In his books and seminars, David Bohm challenged our thinking about thinking profoundly. He presented 21 features of thinking and thought. His insights help us not only to understand what thinking is, but also to see and experience the world differently than we are used to.
1. Thinking is a material process. We can observe and measure it "happening" in the brain cells as neurophysiological reflexes. Thoughts are hard-wired in our consciousness, so the division between mind and matter is misleading.
2. Thinking is a conditioned reflex. It actively and automatically participates in forming our perceptions, our sense of meaning and our daily actions. It does not neutrally report on what is 'out there' in the objective world. It interprets everything we sense according to images and knowledge in our brain without conscious choice.
3. Thoughts and feelings go together. Both are products of thinking, stored up in our memory. Thoughts often have a positive or negative charge that we only partially aware of.
4. Thinking is a collective phenomenon. It moves between people creating a system in which everything affects everything else. There is nothing or very little original in our thoughts. We adopt some ideas and reject others for irrational reasons. The 'individual self' we experience is a 'private mixture' of collective values, meanings, and intentions.
5. Our world is made of thoughts. We gather information in memory and process, apply and express it all the time. Our consciousness manifests as words, knowledge, symbols, concepts, images, and experiences.
6. Thinking is habitual. We learn skills like speaking, writing, playing or driving a car, but we also learn to "deal with people" and all this forms our ego, the "me". Our responses become habitual and mostly unconscious, so that we don't have to think when we use our skills.
7. Thinking divides and fragments the world. We make divisions and draw lines that may be useful and somewhat real but they may also lead us to problems and unwanted outcomes. We also tend to glorify the divisions that we value and feel passionate about.
8. Thinking abstracts and simplifies reality. We do not always realize the difference between our thought and the real thing. We understand the difference between a map and the territory, but not the difference between reality and images created by our mind.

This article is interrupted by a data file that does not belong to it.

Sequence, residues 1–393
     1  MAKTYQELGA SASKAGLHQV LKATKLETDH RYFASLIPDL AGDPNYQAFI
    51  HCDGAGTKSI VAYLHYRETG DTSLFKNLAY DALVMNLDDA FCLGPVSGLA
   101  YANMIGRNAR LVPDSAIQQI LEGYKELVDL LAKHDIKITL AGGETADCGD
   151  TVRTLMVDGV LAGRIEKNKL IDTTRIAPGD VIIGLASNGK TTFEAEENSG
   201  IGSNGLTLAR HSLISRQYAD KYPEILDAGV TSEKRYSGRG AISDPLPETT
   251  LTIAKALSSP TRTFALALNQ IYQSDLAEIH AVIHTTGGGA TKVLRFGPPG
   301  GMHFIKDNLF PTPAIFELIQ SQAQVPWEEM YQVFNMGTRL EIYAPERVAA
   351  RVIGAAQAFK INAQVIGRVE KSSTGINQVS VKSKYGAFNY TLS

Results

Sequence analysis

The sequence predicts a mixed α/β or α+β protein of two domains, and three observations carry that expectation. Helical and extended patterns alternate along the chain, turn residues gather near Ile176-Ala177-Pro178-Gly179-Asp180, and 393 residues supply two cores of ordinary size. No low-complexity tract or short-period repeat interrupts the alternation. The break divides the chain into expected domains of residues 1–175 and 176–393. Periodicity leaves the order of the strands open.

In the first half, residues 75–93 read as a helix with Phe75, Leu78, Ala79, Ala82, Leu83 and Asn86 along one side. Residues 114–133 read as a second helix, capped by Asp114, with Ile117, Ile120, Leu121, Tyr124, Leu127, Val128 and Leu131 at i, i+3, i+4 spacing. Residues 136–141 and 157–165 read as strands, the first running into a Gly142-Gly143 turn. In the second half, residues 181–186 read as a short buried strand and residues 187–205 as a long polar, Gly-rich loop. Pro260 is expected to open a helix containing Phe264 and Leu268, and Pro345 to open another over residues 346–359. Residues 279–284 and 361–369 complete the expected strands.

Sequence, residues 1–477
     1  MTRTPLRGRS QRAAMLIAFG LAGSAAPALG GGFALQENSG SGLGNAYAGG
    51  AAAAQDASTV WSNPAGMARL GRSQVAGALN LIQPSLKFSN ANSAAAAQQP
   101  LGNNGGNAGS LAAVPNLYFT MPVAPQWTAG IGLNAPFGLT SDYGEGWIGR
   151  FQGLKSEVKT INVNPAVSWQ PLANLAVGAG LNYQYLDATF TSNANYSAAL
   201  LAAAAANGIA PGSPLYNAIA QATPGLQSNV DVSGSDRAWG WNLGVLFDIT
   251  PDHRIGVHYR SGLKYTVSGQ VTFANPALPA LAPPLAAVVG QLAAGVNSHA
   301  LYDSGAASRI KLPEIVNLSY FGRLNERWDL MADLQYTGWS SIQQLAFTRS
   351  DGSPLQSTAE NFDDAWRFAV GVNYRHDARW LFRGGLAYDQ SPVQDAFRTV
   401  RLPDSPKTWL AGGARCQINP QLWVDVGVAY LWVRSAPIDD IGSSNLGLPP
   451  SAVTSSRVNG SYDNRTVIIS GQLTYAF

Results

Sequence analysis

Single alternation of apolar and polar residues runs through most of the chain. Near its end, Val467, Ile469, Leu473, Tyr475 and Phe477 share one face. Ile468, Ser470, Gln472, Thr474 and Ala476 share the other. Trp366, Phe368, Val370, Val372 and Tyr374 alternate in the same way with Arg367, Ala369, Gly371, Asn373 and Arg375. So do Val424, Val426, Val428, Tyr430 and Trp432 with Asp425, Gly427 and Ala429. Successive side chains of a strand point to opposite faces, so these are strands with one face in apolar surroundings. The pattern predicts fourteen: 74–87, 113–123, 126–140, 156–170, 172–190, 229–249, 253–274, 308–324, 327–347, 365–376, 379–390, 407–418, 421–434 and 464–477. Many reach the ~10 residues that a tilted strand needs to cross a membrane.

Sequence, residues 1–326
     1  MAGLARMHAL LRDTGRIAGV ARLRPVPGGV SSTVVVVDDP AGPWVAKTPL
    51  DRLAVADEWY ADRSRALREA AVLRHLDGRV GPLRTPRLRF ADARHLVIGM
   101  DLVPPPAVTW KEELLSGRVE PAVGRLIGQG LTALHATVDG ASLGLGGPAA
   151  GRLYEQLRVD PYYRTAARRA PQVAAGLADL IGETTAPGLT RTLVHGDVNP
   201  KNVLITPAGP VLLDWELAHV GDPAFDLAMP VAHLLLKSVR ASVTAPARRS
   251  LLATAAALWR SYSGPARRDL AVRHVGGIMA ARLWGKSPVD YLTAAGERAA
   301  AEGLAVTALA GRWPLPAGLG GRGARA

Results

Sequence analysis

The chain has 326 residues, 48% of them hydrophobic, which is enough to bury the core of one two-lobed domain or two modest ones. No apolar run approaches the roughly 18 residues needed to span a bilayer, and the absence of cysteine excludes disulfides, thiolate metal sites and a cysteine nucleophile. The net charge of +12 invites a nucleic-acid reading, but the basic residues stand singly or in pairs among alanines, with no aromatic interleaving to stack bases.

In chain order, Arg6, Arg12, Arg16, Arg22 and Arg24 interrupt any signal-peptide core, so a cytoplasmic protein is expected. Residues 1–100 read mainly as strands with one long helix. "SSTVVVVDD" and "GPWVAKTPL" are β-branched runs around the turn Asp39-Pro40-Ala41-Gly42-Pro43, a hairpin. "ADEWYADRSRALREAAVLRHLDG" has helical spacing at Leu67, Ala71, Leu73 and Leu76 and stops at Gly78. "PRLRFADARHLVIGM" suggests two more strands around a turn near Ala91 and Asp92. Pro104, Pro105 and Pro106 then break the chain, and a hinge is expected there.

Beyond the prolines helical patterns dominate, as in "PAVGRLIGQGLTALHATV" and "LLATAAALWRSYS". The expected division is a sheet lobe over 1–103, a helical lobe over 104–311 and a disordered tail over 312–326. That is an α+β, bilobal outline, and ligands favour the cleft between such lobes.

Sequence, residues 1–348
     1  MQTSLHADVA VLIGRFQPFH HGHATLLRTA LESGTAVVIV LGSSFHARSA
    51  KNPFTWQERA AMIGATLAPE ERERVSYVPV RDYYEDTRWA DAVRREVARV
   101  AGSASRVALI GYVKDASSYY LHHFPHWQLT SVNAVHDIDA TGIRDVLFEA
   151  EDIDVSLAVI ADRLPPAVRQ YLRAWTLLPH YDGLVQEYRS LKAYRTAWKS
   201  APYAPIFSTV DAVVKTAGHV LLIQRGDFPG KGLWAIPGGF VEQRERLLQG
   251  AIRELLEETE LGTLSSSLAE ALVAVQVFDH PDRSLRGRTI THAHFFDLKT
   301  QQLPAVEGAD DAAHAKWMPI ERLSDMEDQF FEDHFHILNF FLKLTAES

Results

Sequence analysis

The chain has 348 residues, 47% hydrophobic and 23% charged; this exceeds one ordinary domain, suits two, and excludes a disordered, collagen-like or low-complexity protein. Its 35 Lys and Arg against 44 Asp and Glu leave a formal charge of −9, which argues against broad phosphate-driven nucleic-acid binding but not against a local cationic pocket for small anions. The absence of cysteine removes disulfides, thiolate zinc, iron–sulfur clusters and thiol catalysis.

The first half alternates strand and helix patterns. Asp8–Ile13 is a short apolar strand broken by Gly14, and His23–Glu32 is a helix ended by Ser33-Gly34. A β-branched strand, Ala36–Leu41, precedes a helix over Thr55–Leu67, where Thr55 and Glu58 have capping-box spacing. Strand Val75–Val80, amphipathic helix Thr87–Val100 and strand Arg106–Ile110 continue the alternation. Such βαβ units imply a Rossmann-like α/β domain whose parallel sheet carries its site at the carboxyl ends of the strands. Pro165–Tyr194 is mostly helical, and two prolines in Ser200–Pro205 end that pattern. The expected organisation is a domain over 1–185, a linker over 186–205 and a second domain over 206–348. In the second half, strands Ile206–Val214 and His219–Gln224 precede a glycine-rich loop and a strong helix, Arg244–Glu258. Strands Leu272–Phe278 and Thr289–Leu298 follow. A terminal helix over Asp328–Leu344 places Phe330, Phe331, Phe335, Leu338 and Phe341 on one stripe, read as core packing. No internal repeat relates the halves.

9. Thinking gives meanings. It evaluates, compares, judges, overestimates and underestimates, "marks" things arbitrarily but has no reason to doubt its evaluations. Thinking is not an accurate mirror reflection of reality but an evaluation based on our conditioning and concepts.
10. Limitation creates conflicts. Conflict is born when we consider our image of the world to be right and real. There is conflict also when we want to get something that we don't have or want to be something else than we are.
11. Thoughts create a feeling of time. But we live in the here and now. Combining memory and imagination we create an idea of time moving, but actually, the whole process is happening inside our head.
12. Thinking creates reality. It not only reflects and interprets, it also it. Many things are artefacts or creations of our thinking: towns, roads, houses, factories, airplanes, computers, musical instruments, and even agriculture, science, corporations, nations, and governments. Thinking invents concepts how the world works and they become the basis of our worldview.
13. Repeating thoughts creates a structure. A fixed structure works and is coherent in certain circumstances but when the world changes, structure has to be changed.
14. Thinking is mechanical and repetitive. It is moving in a groove of its own and imagines to be free. The patterns change but only within its limitations.
15. We can use imagination in good and bad. We also create problems that are real only in the area of our mind. Most of our desires and fears are creations of our thinking and sometimes lead to neurotic actions.
16. Thinking is apt to self-deception. We want to feel safe, avoid unpleasant feelings and are afraid of losing or not getting what we want. Psychological conditioning makes facing the facts of life very difficult for us.
17. Thinking can be irrational and illogical. We can justify dangerous, brutal and immoral behaviour when we feel that our ego is threatened.
18. There is an inertia to thinking. We want the status quo and resist change and it always takes time for thinking to adjust to a new situation.
19. We don't sense thinking. It is very difficult for thinking to see its systemic nature because we lack proprioception of thought. Proprioception of our body tells us our position and movements but we are not in the same way directly aware when we are thinking.
20. We don't recognize the potential of thinking. All the time we consciously or unconsciously limit our creativity by leaving some parts of reality outside our perspective. Every thought is limited and unfortunately, we do not realize that thinking is fundamentally limited.
21. Thoughts can be coherent. The most important feature of thinking is that insight can change the brain cells in a profound way and lead to a direct perception in which thinking is coherent.